16. 16. Accessioning<br />Mark A. Matienzo, Yale University<br />
  17. 17. What is Accessioning?<br />Archival institution takes physical and legal custody of a group of records from a donor and documents the transfer in a register or other representation of the institution’s holdings<br />Within AIMS Framework<br />Processes which establish physical, administrative and intellectual control over transferred records; assessment and documentation of future needs; documentation of actions taken; beginning of safe storage and maintenance<br />
  18. 18. Elements of Accessioning<br />Prerequisites<br />Transfer records and gain administrative control<br />Physical control and stabilization<br />Intellectual control and documentation to support further processes<br />Maintain accessioned records<br />
  19. 19. Case Study:Re-Accessioning at Yale<br />Collaborative capacity building across two repositories<br />Manuscripts and Archives<br />Beinecke Rare Book and Manuscript Library<br />Addressing previously received accessions of containing electronic records on media<br />Still in testing phase, but working towards implementing in production<br />
  20. 20. Types of Records and Media<br />Wide variety of records creators<br />Literary authors<br />University faculty<br />University offices<br />Architectural firms<br />Common types of media<br />Floppy disks: 5.25” and 3.5”<br />Optical media: CDROM, CD-R, DVD-R, etc.<br />Zip disks<br />USB flash drives<br />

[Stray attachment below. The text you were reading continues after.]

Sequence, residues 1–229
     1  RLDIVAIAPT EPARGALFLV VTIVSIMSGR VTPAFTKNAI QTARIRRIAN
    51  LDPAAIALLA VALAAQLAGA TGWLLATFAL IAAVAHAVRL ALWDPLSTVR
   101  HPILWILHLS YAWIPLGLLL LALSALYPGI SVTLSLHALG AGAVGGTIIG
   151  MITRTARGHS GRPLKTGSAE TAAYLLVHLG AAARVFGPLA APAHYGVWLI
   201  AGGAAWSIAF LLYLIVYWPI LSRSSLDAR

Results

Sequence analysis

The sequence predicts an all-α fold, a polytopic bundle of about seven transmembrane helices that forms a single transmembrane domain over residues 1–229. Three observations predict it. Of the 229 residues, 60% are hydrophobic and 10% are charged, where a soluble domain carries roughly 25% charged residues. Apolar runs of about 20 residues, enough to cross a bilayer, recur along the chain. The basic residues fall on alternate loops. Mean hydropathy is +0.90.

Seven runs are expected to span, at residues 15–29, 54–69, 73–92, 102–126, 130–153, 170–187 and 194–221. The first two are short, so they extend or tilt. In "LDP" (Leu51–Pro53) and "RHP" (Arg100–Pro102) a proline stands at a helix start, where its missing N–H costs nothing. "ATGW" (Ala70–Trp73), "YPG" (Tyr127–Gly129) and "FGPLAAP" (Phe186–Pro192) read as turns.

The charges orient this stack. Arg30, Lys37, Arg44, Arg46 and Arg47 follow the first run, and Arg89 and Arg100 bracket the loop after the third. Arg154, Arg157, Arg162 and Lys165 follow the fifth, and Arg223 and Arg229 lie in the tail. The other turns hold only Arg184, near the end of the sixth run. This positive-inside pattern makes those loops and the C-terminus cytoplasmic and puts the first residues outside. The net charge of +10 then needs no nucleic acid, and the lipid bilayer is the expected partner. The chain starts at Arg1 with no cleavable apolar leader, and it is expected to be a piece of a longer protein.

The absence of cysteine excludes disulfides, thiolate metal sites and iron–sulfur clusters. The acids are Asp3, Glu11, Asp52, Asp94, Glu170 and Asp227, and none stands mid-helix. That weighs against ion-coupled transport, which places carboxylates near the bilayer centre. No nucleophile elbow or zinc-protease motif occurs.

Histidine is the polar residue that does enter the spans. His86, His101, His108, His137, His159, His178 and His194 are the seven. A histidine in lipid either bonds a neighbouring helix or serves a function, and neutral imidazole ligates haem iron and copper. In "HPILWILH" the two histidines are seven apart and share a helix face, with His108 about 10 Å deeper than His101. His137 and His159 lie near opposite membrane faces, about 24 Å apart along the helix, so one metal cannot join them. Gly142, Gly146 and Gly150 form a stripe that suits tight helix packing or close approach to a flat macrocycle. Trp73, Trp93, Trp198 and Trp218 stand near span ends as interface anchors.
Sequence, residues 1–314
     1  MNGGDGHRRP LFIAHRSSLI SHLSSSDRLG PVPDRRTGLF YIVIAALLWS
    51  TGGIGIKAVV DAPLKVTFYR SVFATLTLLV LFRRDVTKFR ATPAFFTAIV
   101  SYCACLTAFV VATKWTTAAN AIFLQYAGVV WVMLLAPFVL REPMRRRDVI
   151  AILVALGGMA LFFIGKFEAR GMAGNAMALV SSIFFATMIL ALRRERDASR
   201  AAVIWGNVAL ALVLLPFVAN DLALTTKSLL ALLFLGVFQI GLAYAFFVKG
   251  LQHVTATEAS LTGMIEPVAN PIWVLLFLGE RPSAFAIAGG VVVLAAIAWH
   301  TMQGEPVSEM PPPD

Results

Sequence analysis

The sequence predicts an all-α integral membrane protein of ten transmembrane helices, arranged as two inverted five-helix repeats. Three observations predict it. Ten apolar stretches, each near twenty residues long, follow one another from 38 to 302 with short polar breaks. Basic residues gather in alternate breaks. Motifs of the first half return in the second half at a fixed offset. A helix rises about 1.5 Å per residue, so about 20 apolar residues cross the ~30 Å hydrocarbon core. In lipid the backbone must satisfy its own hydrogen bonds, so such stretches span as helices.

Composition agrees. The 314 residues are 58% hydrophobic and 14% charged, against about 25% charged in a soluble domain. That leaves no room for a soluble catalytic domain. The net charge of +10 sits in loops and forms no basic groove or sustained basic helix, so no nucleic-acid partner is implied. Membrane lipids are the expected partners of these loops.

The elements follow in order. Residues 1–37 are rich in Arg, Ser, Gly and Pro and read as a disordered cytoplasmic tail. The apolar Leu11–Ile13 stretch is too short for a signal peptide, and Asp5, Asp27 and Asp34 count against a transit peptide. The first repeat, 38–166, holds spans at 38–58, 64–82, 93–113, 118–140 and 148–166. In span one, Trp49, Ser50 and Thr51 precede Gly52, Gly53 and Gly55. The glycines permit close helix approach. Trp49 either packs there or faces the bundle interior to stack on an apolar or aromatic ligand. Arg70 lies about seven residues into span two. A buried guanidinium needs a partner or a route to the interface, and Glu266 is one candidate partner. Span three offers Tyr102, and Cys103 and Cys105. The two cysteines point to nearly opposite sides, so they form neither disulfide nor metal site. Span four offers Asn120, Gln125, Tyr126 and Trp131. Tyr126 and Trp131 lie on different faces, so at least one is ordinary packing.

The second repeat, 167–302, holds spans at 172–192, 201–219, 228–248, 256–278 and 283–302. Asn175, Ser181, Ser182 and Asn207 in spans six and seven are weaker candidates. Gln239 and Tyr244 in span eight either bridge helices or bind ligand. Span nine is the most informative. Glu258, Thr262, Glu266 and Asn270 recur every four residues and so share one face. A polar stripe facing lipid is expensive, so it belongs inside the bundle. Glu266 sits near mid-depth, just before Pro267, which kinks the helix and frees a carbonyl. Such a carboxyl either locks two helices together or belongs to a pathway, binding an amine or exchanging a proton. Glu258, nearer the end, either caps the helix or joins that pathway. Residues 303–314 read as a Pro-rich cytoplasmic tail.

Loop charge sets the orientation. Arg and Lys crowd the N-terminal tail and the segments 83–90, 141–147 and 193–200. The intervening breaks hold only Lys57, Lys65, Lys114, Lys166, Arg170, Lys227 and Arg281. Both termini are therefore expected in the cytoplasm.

21. 21. Goals of Re-Accessioning<br />Identify, document, and register media<br />Mitigate risk of media deterioration and obsolescence<br />Extract basic metadata from filesystems on media and files contained on filesystems<br />
  22. 22. Re-Accessioning Workflow<br />
  23. 23. Disk Imaging<br />Using “forensic” (bit-level) imaging process<br />Ensure data on media is not manipulated using write-protection<br />Uses software to acquire images<br />Includes hash-based verification process<br />
  24. 24.
  25. 25. Media Log<br />Using SharePoint list<br />Contains unique identifier of media<br />Records physical/logical characteristics of media<br />Documents success, failure, or status of various processes and additional notes<br />
  26. 26. Media Log<br />
  27. 27. Media Log<br />
  28. 28. Metadata Extraction<br />Can be repurposed for descriptive, administrative, and technical metadata<br />Uses command-line tools (Sleuthkit, fiwalk)<br />Outputs XML document<br />
  29. 29. Packaging and Transfer<br />Using BagIt packages/Bagger application<br />Packages contain disk images, extracted metadata, imaging logs, and high-level accession information<br />Transfer to storage is verified by comparison against manifest<br />
  30. 30.
  31. 31. Arrangement & Description<br />Simon WilsonHull University Archives<br />
  32. 32. Purpose of Arrangement & Description <br />The general objectives for Arrangement & Description are:<br /> - to preserve context<br /> - to establish intellectual control of the material<br /> - to provide a means of discovery <br />SAA definition, emphasis on minimizing the amount of handling<br />Within the AIMS framework<br />Processes which establish intellectual control of the material including implementation of policies and agreements with donors etc. to enable subsequent discovery and access<br />